Martha Chizuma appears before lawmakers

Defends Anti-Corruption Bureau’s request for consent from DPP

Steve Kayuni

Director General of the Anti-Corruption Bureau (ACB) Martha Chizuma and her team Wednesday appeared before the Legal Affairs Committee of Parliament where, among other issues, she defended her body’s recent request for consent to prosecute Zuneth Sattar’s agent, Ashok Nair.

Last month, ACB made the request to Director of Public Prosecutions (DPP) Steve Kayuni for the bureau to start prosecuting Ashok over corrupt land-related deals he is suspected to have facilitated on behalf of Sattar.

However, Kayuni denied the ACB the consent, arguing that it had only provided an interim investigation report which he deemed insufficient to justify the granting of the consent.


The development prompted the Legal Affairs Committee of Parliament to summon Kayuni two weeks ago to explain his side of the story.

Wednesday, it was Chizuma’s turn.

In an interview after the meeting, which was held in camera, Chizuma said they believed they had explained the truth of the matter to the committee.


She said what they submitted to the DPP in their request for consent was not different from all other requests the ACB has made to the DPP for which he has granted consent before.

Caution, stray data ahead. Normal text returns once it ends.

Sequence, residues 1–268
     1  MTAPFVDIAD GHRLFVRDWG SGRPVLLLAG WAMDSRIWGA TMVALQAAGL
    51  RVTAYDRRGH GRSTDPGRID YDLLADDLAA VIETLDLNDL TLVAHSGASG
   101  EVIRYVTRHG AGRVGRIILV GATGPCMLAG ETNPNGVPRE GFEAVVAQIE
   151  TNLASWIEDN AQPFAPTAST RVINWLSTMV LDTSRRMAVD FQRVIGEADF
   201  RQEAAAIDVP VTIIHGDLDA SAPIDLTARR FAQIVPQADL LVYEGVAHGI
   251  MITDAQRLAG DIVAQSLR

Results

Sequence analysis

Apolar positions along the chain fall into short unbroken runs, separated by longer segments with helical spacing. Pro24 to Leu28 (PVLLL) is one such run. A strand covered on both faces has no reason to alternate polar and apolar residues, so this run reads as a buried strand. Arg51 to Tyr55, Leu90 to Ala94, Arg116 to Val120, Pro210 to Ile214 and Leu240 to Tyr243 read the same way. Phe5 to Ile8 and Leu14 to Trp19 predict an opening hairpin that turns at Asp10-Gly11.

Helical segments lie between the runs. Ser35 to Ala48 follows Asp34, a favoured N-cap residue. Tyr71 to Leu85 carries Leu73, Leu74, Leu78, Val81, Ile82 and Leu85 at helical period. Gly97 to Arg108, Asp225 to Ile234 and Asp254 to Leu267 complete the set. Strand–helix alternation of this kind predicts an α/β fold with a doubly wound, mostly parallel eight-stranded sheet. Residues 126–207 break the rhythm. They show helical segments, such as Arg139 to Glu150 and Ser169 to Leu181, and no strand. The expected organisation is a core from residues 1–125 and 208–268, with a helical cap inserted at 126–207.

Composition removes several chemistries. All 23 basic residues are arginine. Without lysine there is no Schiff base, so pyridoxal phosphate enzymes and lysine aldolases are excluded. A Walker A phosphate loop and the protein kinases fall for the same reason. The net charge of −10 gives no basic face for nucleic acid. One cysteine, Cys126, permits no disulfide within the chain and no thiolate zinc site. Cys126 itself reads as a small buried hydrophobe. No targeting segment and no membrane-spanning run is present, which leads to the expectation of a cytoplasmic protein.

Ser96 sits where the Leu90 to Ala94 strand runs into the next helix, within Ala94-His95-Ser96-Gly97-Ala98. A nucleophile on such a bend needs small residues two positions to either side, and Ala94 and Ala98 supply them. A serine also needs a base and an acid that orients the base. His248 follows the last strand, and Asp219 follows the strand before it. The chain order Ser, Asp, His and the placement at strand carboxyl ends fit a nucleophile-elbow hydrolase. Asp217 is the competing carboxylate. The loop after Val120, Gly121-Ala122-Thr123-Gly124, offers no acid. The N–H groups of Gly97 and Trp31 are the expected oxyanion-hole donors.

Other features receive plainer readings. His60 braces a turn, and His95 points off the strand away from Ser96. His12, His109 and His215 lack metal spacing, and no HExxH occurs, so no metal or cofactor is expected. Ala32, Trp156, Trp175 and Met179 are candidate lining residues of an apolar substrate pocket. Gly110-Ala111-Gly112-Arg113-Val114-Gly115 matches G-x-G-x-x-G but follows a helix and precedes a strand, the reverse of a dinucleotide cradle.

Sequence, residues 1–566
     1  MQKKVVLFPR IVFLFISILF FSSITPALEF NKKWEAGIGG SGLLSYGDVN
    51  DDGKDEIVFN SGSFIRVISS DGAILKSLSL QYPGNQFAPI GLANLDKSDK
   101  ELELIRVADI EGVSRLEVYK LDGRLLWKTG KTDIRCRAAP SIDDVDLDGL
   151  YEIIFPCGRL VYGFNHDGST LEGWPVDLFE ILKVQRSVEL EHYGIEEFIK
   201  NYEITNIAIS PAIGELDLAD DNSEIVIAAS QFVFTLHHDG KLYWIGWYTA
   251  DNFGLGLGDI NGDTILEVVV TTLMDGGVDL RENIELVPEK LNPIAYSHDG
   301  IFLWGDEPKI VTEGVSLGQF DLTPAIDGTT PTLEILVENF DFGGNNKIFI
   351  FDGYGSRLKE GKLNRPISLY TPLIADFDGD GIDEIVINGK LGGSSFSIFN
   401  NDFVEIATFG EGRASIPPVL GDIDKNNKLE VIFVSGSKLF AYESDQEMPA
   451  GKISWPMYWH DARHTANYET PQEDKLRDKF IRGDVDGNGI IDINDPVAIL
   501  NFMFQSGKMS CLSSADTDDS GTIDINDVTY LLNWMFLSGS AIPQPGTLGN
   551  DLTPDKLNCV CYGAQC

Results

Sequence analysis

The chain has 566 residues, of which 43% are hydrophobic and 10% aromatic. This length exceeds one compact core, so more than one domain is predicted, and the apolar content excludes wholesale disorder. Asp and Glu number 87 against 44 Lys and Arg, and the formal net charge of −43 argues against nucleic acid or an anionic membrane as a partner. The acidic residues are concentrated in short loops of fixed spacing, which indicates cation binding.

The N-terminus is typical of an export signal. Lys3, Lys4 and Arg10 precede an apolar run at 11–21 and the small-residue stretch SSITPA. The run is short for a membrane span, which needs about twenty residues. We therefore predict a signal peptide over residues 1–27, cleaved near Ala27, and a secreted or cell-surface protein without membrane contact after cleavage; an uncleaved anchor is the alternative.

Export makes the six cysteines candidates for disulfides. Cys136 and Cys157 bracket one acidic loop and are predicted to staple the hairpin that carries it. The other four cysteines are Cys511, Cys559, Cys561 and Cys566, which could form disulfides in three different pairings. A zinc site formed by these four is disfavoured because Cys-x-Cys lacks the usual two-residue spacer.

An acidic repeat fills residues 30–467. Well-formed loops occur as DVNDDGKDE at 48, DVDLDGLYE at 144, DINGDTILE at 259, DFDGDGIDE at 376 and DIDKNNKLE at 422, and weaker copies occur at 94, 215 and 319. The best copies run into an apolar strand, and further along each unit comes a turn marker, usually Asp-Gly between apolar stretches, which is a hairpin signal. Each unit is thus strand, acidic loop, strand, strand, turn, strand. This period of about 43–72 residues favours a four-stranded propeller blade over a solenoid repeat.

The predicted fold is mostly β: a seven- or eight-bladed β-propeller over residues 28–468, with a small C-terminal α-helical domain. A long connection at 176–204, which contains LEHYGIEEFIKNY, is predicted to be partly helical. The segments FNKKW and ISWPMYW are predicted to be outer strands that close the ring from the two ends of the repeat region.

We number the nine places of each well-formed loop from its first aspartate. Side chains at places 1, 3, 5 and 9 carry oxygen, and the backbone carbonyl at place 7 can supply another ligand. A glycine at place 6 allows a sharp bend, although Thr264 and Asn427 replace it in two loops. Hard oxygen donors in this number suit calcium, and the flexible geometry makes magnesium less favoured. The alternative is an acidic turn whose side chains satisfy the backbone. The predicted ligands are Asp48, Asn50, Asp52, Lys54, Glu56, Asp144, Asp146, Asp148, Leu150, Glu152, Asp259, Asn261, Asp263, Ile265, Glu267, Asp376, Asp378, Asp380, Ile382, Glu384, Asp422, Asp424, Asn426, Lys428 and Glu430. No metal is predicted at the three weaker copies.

“We had no basis to think that the DPP would handle this request differently. We believe we managed to demonstrate this to the committee,” she said.

Asked for his comment after the meeting, the parliamentary committee’s chairperson Peter Dimba refused to divulge information on the resolutions of the committee.

“We, as a committee, will issue a statement Thursday [today] afternoon on our determination on the matter,” he said.

However, a member of the committee said, from what they heard, they were considering pushing for an urgent review of the legal framework in order to make the ACB more independent.

According to present laws, the office of the ACB cannot prosecute without getting consent from the office of the DPP.

In the letter to ACB, Kayuni asked for a full investigation report other than an interim one.

He argued that it was not possible for his office to make an informed decision based on an interim report.

Kayuni said the office needed other relevant documents such as investigation report, legal opinion, proposed changes and consent letter for it to make an independent analysis of the evidence and the law.

“We would be failing in duty bestowed on us by law if we turn the granting of consent as an academic exercise or merely endorsement of what the ACB had duly submitted,” the letter reads.

Ashok is suspected to have been facilitating corrupt deals here in Malawi on behalf of Sattar, who was arrested last year in the United Kingdom by the National Crimes Agency.

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